Trevor Evans is usually right in the middle of every game plan for the Pioneers, but even he didn’t understand the message scribbled on the board before the Cookeville game. Like the rest of his teammates, Evans was curious why the number 22 was the only thing written.
When the whole team gathered, coach Chris Sullens let his team in on what it meant. It was time for Evans to suit up against Cookeville.
“Our leader on this basketball team is a guy who has sat on the bench, kept stats and done everything we’ve asked him to do,” said Sullens, following his team’s 15-point win over a huge rival. “We found out he’s the ultimate competitor. He makes no excuses and doesn’t talk about anything but Pioneer success. Our team has rallied around Trevor Evans. They play hard for that young man because he busts his butt every single day.”
Evans quickly got into uniform, which is just the second time he’s been able to put on his No. 22 jersey this season. The manager, who has cerebral palsy, scored five points in his debut against Richard Hardy in December, earning all-tournament honors at the Sonic Shootout in the process.
Though he didn’t have any points Friday, his team moved to 2-0 when he gets to play. He was able to again against the Cavaliers because the Pioneers built a double-digit lead early and never let up, something Sullens believes had to do with Evans’ selflessness and leadership.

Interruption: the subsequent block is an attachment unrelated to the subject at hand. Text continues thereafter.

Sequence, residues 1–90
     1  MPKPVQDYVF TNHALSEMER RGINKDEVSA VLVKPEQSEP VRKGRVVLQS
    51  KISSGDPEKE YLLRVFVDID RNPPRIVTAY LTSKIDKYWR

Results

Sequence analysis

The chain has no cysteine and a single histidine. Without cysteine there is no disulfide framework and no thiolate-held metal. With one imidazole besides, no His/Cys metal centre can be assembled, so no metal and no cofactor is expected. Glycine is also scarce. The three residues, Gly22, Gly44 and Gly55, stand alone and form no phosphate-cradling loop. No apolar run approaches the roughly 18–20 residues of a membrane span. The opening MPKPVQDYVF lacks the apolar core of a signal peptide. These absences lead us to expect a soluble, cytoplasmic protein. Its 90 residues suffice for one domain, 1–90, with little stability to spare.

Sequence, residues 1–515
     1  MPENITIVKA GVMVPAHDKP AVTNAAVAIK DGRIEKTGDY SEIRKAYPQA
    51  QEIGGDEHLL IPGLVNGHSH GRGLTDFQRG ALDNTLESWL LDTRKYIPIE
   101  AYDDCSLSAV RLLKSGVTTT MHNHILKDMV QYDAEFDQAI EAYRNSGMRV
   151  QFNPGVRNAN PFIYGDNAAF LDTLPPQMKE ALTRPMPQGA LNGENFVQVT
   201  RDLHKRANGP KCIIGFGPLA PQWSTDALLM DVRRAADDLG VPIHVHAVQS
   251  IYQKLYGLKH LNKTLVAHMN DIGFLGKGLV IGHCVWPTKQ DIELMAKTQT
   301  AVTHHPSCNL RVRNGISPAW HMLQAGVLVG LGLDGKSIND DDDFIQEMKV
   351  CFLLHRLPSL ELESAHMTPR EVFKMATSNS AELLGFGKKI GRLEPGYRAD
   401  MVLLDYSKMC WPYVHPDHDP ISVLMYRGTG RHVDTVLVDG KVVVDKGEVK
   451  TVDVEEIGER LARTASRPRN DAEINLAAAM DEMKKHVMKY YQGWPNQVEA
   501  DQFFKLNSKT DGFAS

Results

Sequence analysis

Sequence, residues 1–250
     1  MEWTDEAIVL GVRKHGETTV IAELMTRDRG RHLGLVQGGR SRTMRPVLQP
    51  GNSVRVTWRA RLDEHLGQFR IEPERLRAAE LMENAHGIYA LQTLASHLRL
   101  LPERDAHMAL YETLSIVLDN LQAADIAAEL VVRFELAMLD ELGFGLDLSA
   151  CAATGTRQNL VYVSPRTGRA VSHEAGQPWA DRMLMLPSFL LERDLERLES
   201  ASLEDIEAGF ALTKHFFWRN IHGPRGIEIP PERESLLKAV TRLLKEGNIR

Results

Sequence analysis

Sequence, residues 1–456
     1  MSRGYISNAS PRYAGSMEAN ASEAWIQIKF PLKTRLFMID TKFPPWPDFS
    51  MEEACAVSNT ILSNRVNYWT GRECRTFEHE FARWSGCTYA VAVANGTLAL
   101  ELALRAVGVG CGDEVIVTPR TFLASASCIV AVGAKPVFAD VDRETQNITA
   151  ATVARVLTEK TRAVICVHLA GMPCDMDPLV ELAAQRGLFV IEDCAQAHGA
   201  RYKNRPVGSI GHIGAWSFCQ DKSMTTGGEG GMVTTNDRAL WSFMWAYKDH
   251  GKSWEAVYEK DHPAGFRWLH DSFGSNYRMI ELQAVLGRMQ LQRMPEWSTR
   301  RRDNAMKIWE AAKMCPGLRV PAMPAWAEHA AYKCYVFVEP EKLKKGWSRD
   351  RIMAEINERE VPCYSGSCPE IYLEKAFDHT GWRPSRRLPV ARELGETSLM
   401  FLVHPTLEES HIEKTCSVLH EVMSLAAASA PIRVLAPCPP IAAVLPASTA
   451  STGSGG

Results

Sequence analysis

“The kid competes every day. He does anything we ask and he says he hates other teams. He lives and breathes our team. Number 22 brings it each night and if you can’t do what he does, then you aren’t a competitor,” said Sullens.
Irving Espinoza, who scored 28 points to lead the Pioneers to victory, wasn’t going to be the one to let his senior teammate down.
“It’s very big to have Trevor on the bench. He’s our leader – we have to do it for Trevor. He wanted us to beat Cookeville and we had to do it for him,” said Espinoza.
For Evans, he did what he does each time the Pioneers take the court. He celebrated with teammates, handed out advice and encouragement and waited patiently for his number to be called.
“I knew my minutes wouldn’t be up, but I’ve never walked into a gym expecting minutes. Whatever I have to do, I’ll do,” said Evans.
His job Friday was to celebrate and he did it better than anybody else at Charlie Dalton Gym.
“After a road trip, being home is fun. The crowd is into it, the bench is into it. It’s a good time,” said Evans.
And late in the night, with the victory still playing over and over in his mind, Evans said what everybody else was already thinking.
“Beating Cookeville is always fun.”